Saudi Arabia plans to use domestic uranium for nuclear fuel

It is unclear where Saudi Arabia's ambitions end, since its crown prince said in 2018 that the kingdom would develop nuclear weapons if Iran did

Reuters
Published : 11 Jan 2023, 01:06 PM
Updated : 11 Jan 2023, 01:06 PM

Saudi Arabia plans to use domestically-sourced uranium to build up its nuclear power industry, energy minister Prince Abdulaziz bin Salman said on Wednesday.

He added that recent exploration had shown a diverse portfolio of uranium in the Gulf Arab state, the world's top oil exporter.

Saudi Arabia has a nascent nuclear programme that it wants to expand to eventually include uranium enrichment, a sensitive area given its role in nuclear weapons. Riyadh has said it wants to use nuclear power to diversify its energy mix.

It is unclear where its ambitions end, since Crown Prince Mohammed bin Salman said in 2018 that the kingdom would develop nuclear weapons if regional rival Iran did.

"The kingdom intends to utilise its national uranium resources, including in joint ventures with willing partners in accordance with international commitments and transparency standards," Abdulaziz bin Salman said.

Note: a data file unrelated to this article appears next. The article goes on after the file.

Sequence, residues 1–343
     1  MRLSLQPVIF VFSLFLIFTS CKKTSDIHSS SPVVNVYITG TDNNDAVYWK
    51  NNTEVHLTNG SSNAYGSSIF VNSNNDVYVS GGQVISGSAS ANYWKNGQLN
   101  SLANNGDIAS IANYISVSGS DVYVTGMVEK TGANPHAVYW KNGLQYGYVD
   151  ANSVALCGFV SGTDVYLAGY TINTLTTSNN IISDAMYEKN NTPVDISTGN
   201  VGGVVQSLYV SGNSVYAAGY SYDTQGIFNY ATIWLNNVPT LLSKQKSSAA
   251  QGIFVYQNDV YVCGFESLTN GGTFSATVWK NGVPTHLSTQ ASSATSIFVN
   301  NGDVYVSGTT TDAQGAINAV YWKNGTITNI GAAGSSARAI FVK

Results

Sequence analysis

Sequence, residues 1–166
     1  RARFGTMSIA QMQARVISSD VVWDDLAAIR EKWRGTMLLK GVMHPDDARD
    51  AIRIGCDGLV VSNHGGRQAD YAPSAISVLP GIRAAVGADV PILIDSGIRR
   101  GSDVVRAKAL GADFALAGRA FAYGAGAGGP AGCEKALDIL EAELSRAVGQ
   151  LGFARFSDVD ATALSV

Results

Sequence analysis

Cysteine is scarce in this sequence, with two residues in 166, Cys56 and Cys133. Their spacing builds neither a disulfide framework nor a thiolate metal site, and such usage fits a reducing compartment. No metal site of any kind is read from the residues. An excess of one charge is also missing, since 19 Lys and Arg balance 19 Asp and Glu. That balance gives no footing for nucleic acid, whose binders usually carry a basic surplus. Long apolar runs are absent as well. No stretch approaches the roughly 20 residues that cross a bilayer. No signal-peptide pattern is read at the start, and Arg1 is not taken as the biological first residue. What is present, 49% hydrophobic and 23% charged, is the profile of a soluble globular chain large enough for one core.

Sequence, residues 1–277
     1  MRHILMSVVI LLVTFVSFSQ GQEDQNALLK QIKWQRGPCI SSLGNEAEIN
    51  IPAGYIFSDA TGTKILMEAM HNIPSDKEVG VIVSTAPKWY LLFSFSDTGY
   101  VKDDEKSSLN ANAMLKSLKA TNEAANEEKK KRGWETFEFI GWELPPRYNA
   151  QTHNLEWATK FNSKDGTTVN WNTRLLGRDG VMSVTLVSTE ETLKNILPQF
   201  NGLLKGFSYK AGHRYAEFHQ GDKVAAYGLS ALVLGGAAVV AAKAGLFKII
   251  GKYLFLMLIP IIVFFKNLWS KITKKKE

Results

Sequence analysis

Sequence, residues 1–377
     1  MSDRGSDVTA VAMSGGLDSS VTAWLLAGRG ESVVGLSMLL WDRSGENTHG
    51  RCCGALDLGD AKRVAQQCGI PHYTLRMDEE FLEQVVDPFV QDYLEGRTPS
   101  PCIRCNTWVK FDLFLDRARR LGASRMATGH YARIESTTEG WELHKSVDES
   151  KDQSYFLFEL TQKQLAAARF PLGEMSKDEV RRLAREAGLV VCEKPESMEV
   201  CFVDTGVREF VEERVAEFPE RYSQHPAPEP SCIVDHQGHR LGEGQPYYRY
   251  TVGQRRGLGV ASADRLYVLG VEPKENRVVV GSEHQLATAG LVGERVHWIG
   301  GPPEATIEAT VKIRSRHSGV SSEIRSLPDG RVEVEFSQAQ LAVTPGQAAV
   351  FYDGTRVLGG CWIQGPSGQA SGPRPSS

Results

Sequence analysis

He told a mining industry conference in Riyadh that this would involve "the entire nuclear fuel cycle which involves the production of yellowcake, low enriched uranium and the manufacturing of nuclear fuel both for our national use and of course for export".

Fellow Gulf state the United Arab Emirates (UAE) has the Arab world's first multi-unit operating nuclear energy plant. The UAE has committed not to enrich uranium itself and not to reprocess spent fuel.

Atomic reactors need uranium enriched to around 5% purity, but the same technology in this process can also be used to enrich the heavy metal to higher, weapons-grade levels.

This issue has been at the heart of Western and regional concerns about Iran's nuclear programme, and led to the 2015 deal between Tehran and global powers that capped enrichment at 3.67%.

The pact unravelled after then-President Donald Trump exited the deal in 2018, and efforts to salvage the agreement have stalled since September.

Toufique Imrose Khalidi
Editor-in-Chief and Publisher